Low vitamin D levels may also increase the risk of atherosclerosis. Research published in 1997 in the American Heart Association journal Circulation suggests that a low level of vitamin D increases the risk of calcium build-up in atherosclerotic plaques and that higher levels reduce the risk of build-up. Researchers at UCLA School of Medicine measured the vitamin D levels in the blood of 173 men and women at risk of heart disease and also measured the build-up of calcium in coronary arteries (a common finding in coronary artery disease). The results suggest that calcium may regulate calcium deposition in the arteries as well as in the bone.17

Other effects

Vitamin D deficiency may also play a role in inflammatory bowel disease, tuberculosis, stroke and high blood pressure.


Fish liver oils, sardines, herring, salmon, tuna, liver, eggs and some dairy products are good dietary sources of vitamin D. Milk is often fortified with vitamin D and is a good source, but dairy products other than milk are not usually fortified with vitamin D.

Medicinal cod liver oil 1 tbsp 2271 IU

Pink salmon, canned 100g 624 IU

Tuna, canned in oil 1 can 404 IU

Whole milk, dried 1 cup 380 IU

Oysters 6 oysters 269 IU

Mackerel, canned in oil 100g 252 IU

Shiitake mushrooms, dried 4 mushrooms 249 IU

Sardines, canned in tomato sauce 1 sardine 182 IU

Fortified milk, evaporated ½ cup 97.9 IU

Whole milk, fortified 1 cup 92.7 IU

Skim milk, fortified 1 cup 92.7 IU

Chocolate milk, fortified 1 cup 92.7 IU

Beef salami 1 slice (23g) 80.3 IU

Low fat milk, dried ¼ cup 79.0 IU

Sardines, canned in oil 2 sardines 65.3 IU

Herring, smoked 1 fillet 48.0 IU

Natural raisin bran 30g 45.6 IU

Shrimp 4 large 42.6 IU

All Bran 30g 42.0 IU

Bran flakes 30g 42.0 IU

Corn flakes 30g 42.0 IU

Special K 30g 42.0 IU

Egg yolk 1 large 24.6 IU

Pork sausages 1 sausage, 10cm long 14.6 IU

Recommended dietary allowances


Men 200 IU
(over 50) 400 IU
(over 70) 600 IU

Women 200 IU
(over 50) 400 IU
(over 70) 600 IU

Pregnancy 200 IU

Lactation 200 IU


Men 400 IU

Women 400 IU


Men 200 IU

Women 200 IU

Pregnancy 400 IU

Lactation 400 IU

The tolerable upper intake limit has been set at 2000 IU per day.


Vitamin D supplements are often available in the form of cod liver oil. Anyone on long-term anticonvulsant drug therapy, older people, and those who follow a strict vegan diet may benefit from supplements.

Toxic effects of excess intake

High daily doses of dietary vitamin D over an extended period of time can produce excessive calcium levels in the blood with symptoms of unusual thirst, metallic taste, bone pain, fatigue, sore eyes, itching skin, vomiting, diarrhea, urinary urgency, abnormal calcium deposits in blood vessel walls, liver, lungs, kidney and stomach. High doses also cause the build-up of calcium in the muscles which impairs their function. Doses of less than 1000 IU daily are unlikely to cause any adverse effects and prolonged exposure to sunlight does not cause toxic effects.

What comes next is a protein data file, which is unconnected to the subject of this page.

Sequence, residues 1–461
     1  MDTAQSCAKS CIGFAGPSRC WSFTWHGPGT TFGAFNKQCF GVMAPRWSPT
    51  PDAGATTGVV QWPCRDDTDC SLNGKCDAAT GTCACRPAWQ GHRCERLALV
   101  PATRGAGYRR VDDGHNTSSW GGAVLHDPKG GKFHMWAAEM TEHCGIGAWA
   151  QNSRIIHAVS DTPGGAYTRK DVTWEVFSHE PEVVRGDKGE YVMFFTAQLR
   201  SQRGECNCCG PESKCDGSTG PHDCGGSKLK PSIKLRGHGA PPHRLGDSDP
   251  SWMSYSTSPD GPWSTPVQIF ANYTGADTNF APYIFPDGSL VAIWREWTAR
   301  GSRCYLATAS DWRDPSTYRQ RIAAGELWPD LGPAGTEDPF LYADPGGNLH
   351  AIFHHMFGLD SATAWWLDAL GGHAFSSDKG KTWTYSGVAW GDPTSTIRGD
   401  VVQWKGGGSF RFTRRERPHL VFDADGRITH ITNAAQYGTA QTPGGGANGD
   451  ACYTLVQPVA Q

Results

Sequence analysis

Large doses of vitamin D can irritate the urinary tract. There may be a link between excessive vitamin D intake and heart attacks, atherosclerosis and kidney stones in people who are susceptible.

Very high doses of vitamin D supplements may actually increase the risk of osteoporosis. In an article published in 1997, researchers at the Cedars Sinai Medical Center in Los Angeles reported four cases of osteoporosis linked to excessive use of vitamin D supplements. Each of the four patients had high levels of calcium and vitamin D metabolites in their urine and were taking dietary supplements which contained unidentified amounts of vitamin D. When the patients stopped taking the supplements, bone mineral density increased. Excessive vitamin D supplementation for six months or longer upsets calcium balance and affects bone mineral density.18

Therapeutic uses of supplements

Supplements are used to treat vitamin D deficiency and its symptoms.


Vitamin D is recommended in the treatment of osteoporosis in postmenopausal women. Several research studies suggest that vitamin D supplements reduce the occurrence of fractures in elderly people.

In a study published in 1997, researchers at Tufts University in Boston assessed the effects of calcium (500 mg per day) and vitamin D (700 IU per day) in 176 men and 213 women aged 65 years or older. When bone density was measured after a three-year period, those taking the supplements had higher bone density at all body sites measured. The fracture rate was also reduced by 50 per cent in those taking the supplements.19

Vitamin D supplements may also be useful in preventing bone loss in patients taking corticosteroid drugs. In a study published in 1996, researchers at the University of Virginia found that calcium and vitamin D supplements helped prevent the loss of bone mineral density in those taking the drugs for arthritis, asthma and other chronic diseases.20

However, other studies have not shown any reduction in fracture rates in those taking vitamin D supplements. A 1996 study which was carried out in Amsterdam looked at the effects of either vitamin D or a placebo on 2500 healthy men and women over the age of 70 who were living independently. The participants received a placebo or a daily dose of 400 IU of vitamin D for a three-and-a-half-year period. Dietary calcium intake was the same in both groups. Forty-eight fractures were observed in the placebo group and 58 in the vitamin D group.21